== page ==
“I Have to Be Black Before I Am Disabled”: Understanding Agency, Positionality, and Recognition in Higher Education

  • Lauren ShallishEmail author
Part of the Critical Studies of Education book series (CSOE, volume 12)


In a 2015 qualitative research study on undergraduate college students who identified as disabled, interview data demonstrated the complex ways in which racism and ableism entwined to extend or deny benefits in a postsecondary setting. At tension in the informants’ experiences was both the suppression of personhood and the celebration of it. The following examples represent two students in particular: A disabled, female-identified, queer, international student from Botswana and a disabled, female-identified, heterosexual, US citizen from New Hampshire, respectively: Taken from the larger context of their 90-minute interview, these testimonies make apparent the racial, linguistic, ethnic, and dis/abled positions that support or deny student agency on a college campus. They also signal the “interconnected and collusive” properties of racism and ableism (Annamma et al. 2013, p. 6). This sampling is not intended to set up a racialized dichotomy about disability-related experiences but rather explicate the ways race and ability entwine to frame students’ agency, positionality, and recognition in higher education settings. In line with DisCrit theorists who assert that “ability is distributed and withheld based on race through policies and practices” (Annamma and Morrison 2018, p. 72), this chapter will lay out the bodies of knowledge and research in disability law and higher education (specifically the fields of enrollment management, student affairs, and academic affairs) that have siloed inquiry on race and dis/ability, respectively, rather than contribute to knowledge about interlocking systems of racism and ableism. I will examine the literature on disproportionality in K–12 special education and offer implications for postsecondary education in an attempt to expose the larger structures that situate (or omit) dis/ability in the context of diversity work in higher education.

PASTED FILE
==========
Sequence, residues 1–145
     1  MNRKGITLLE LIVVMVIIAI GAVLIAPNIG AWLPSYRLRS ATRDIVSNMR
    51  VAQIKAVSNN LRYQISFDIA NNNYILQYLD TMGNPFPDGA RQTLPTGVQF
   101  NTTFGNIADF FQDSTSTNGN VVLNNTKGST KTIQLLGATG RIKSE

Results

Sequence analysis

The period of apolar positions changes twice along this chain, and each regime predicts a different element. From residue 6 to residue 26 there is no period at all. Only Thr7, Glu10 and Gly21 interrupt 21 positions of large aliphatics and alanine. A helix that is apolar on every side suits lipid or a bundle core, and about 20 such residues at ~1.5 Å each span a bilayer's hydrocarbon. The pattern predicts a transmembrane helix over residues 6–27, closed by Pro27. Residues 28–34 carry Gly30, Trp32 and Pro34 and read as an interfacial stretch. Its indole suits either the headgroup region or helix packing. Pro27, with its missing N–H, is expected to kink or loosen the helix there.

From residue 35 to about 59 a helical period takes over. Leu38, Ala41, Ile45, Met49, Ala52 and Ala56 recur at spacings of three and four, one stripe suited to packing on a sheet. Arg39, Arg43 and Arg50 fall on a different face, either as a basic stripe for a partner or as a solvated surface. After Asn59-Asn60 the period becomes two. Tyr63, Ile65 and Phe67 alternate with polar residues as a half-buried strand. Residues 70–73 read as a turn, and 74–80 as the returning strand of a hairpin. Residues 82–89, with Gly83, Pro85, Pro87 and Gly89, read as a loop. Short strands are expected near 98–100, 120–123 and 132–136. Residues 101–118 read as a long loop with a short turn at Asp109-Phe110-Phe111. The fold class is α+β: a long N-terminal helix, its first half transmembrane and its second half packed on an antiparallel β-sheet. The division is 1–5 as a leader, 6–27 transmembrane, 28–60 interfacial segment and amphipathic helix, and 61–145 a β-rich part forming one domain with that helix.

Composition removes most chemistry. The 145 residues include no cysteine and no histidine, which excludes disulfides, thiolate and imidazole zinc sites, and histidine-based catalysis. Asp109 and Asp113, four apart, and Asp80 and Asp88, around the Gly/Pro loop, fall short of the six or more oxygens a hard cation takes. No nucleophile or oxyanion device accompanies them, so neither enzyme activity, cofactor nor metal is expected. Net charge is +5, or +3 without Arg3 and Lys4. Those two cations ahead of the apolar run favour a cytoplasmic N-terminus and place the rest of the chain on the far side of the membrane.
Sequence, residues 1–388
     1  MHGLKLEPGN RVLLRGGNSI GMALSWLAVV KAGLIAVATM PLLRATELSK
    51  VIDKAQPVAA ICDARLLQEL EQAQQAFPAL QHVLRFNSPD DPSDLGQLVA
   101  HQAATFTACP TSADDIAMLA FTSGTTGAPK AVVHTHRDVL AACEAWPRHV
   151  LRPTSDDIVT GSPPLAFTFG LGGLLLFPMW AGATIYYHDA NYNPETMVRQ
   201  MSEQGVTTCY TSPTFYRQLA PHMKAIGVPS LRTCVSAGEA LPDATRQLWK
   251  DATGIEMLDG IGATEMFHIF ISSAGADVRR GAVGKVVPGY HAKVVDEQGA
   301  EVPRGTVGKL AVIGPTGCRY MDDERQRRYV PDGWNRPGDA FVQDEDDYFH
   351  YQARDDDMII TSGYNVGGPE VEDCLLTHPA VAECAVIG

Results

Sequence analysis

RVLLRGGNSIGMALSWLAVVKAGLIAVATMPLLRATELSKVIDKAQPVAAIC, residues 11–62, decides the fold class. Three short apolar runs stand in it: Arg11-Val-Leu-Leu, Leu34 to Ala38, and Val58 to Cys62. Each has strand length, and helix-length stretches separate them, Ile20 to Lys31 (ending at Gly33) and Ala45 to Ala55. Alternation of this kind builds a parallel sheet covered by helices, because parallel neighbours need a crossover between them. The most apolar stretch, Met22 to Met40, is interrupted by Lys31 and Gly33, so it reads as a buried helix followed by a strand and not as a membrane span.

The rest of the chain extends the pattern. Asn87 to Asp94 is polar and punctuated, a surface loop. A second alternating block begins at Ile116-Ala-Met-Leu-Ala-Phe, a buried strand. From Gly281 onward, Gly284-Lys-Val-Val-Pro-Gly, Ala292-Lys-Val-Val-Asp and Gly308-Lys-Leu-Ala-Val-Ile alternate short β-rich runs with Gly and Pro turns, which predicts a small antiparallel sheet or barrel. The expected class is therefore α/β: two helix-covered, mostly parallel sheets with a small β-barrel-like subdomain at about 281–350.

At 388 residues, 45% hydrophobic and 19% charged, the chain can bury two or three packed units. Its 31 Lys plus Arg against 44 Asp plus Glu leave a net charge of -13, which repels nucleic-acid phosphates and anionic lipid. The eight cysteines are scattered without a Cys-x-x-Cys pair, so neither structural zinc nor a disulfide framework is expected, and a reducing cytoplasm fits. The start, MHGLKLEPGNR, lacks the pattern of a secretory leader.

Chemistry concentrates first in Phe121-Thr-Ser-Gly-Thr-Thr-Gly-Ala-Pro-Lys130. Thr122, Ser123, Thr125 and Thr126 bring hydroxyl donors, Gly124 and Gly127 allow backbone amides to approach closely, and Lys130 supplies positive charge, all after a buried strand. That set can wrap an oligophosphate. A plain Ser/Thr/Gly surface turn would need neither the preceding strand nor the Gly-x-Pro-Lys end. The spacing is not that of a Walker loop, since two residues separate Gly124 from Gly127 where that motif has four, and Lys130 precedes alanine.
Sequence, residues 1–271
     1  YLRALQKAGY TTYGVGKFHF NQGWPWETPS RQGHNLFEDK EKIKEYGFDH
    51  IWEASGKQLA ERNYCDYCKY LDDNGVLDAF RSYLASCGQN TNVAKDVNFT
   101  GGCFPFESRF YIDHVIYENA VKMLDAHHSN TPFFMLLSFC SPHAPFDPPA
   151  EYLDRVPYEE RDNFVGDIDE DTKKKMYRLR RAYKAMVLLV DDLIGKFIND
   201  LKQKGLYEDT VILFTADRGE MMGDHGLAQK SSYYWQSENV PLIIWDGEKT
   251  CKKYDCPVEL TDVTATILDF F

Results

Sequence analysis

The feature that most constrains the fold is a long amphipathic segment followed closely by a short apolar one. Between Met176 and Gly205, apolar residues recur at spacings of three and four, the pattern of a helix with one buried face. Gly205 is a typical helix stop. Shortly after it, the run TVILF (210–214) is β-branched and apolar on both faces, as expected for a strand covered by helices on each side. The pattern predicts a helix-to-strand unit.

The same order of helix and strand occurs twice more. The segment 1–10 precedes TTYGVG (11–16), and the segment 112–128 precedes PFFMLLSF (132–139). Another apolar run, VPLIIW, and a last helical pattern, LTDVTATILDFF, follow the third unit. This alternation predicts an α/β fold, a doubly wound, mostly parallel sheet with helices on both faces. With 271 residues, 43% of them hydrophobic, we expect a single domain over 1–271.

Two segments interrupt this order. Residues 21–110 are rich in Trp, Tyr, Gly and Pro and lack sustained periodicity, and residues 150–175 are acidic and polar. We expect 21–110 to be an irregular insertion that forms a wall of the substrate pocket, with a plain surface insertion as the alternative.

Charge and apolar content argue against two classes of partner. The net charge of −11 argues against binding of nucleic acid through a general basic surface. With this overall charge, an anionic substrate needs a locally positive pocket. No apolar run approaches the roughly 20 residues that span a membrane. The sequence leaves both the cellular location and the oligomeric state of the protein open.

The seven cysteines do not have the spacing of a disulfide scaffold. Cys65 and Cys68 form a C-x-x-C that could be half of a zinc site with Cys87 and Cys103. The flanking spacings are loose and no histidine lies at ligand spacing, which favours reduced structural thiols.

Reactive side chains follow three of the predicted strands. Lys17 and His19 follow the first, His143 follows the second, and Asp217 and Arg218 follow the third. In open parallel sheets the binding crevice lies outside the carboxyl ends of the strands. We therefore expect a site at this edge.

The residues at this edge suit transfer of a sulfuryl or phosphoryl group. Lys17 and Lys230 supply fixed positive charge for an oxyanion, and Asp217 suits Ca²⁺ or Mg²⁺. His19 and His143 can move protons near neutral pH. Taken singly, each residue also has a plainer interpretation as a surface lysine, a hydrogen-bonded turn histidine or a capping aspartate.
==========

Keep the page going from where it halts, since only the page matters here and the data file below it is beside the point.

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Copyright information

© Springer Nature Switzerland AG 2020

Authors and Affiliations

  1. 1.The College of New JerseyEwing TownshipUSA

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